Round 4: versus Charles playing Merfolk
The name looks familiar. I assume it’s a Springs player that I can’t put the face to. As I approach the table, I can see he’s not a Springs player… where do I know him from?
He says, “You’re Mike and Ray’s friend.”
Him: “Ray. Ray Merz.” (Ray is a L2 – L3? – judge in the New York area who I am, indeed, friends with.)
Me: “Oh, Ray. Yeah, I know Ray.”
Him: “You were at the Morningtide Pre-Release.”
Me: “Yes … yes I was.”
Him: “I was a judge there!”
And now I realize where I know him from. *laugh* Chas is playing what I would call “Four-Color Merfolk” which gets all greedy for things like Chameleon Colossus. I have an early Festercreep in game one that threatens most of his one-toughness guys, but I burn them out of the way and get in there with the ‘Creep. I add a Ram-Gang and start bashing, burning out blockers as I go. I get up to five mana, play Chandra and then Demigod, and ride them to victory without taking a point of damage. In game 2, I take shots from a pair of Reejereys, but eventually make three Demigods. Chas has a Colossus to tap down the team after the second Demigod, but he draws a land and can’t tap down all three of them.
I sent my friend Mike (the TO in New York, and the Mike referenced above) a text message that says something like, “Dave 1, NY Judges 0!” Woo! I BEAT JUDGES! …
Round 5: versus Morgan playing Faeries
… until I sit down across from Morgan Chang, who is another NY judge who evidently made the trip just to have the chance to mock me for being excited about beating a judge. Well, I’m on a roll against judges, so let’s go! I make an early Figure of Destiny and pump him up to Level 2, and start the offense early. Morgan has a Bitterblossom to change taking 2 or 3 points every turn into just 1 a turn, and that’s hard to get around when you’re lacking removal like I seem to be at this moment. Morgan makes a Mistbind Clique in the middle of combat (which is a cool trick that I’ve never seen), makes an advantageous block, and rides the Clique all the way as I draw no removal. Game 2, I again get an early offense, this time with a Ram-Gang and a Redcap, and Morgan helps me out with a Bitterblossom on his side of the table, but it turns around quickly as Morgan counters a Demigod, and then brings it back on his side of the table with Puppeteer Clique. Ow. I can deal with the Clique once but not twice, and it teams up with the Bitterblossom tokens to finish me off.
I will not gloat. I will not gloat. I need a chalkboard or something to write my penance on.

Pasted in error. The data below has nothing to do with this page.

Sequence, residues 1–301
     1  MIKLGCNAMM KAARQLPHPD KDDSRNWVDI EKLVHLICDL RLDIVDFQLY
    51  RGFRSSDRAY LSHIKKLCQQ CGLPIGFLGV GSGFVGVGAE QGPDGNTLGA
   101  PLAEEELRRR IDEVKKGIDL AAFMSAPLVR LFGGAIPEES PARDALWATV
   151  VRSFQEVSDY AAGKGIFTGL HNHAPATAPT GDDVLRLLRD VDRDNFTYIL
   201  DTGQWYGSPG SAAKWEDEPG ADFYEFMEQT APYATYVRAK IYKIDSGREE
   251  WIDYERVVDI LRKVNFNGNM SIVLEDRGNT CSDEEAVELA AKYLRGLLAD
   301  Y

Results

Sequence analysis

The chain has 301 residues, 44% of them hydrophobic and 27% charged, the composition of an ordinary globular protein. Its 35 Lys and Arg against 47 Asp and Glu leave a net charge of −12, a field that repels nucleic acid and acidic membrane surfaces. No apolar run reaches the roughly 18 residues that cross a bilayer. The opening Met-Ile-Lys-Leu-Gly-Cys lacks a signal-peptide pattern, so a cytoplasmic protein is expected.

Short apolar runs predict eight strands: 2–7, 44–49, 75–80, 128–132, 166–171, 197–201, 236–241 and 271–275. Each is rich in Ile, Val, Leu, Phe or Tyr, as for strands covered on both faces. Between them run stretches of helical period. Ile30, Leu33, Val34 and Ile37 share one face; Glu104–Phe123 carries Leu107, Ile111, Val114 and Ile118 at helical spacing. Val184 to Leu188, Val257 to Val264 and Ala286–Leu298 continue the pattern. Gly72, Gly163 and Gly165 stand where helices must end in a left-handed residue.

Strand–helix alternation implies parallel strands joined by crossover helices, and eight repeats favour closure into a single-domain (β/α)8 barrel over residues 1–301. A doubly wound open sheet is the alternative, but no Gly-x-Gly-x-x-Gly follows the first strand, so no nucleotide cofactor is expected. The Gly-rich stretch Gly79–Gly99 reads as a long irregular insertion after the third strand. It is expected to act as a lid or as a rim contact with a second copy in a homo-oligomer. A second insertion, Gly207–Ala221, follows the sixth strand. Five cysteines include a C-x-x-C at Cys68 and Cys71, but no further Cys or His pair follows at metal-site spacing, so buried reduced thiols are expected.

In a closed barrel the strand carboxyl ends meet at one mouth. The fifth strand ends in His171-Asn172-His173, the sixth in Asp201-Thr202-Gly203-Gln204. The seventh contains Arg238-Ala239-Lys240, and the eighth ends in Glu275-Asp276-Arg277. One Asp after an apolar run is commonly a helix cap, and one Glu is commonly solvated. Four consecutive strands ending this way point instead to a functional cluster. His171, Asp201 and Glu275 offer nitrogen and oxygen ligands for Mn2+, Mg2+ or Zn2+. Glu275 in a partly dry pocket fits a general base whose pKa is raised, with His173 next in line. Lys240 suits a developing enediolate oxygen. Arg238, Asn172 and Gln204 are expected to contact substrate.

Round 6: versus Eric playing Doran
I’m now officially in the “win out pipe dream” category.
Eric is playing Doran, and I have no idea how to play against this deck. I have a Figure of Destiny that gets Inverted and a Festercreep that just… hangs around, and no removal to deal with the 3/5 Leaf-Crowned Elder that starts plopping Treefolk into play. A Chameleon Colossus comes into play through the Elder and then becomes a 1/1 thanks to a Puncture Blast, but that’s literally the best I can muster. Eric adds a Wilt-Leaf Cavalier to the team and ends it quite quickly. I mulligan to five in the second game (past a hand with both Inside Outs but only one land), but still mount some small offense – a Ram-Gang into a winning Lash Out, but Eric finds the one (ONE!) Primal Command in his deck, gains seven life, and chains into a Doran. I match him with a Demigod, but it’s not until my first attack that I realize that I actually lose that race thanks to Doran’s ability. Which I do.
I break even. And with no chance of making Day 2 at this point, I drop out to play in a Standard side event for a box, because I brought a version of Bennie Smith Warp World deck! But I’m afraid that will have to wait for next week, because … I love that deck. Let me whet your appetite with this: I cast Warp World four times in one game. In the same turn!
My final thoughts on the deck itself: It’s really a solid deck – more solid than my results probably say. It translates easily to Standard as well, and is a time-tested archetype. And I had a great time playing the deck, levelling up Figures (who desperately need a nickname if it doesn’t have one already), attacking with multiple Demigods, and burning opponents in the face. Thanks again to all the people in the forums who suggested I run this deck, to Pete for shipping the Figures out to Denver, and to all my opponents. I had a great GP and I’m glad I had the chance to go.
Until next week, keep Warping those Worlds.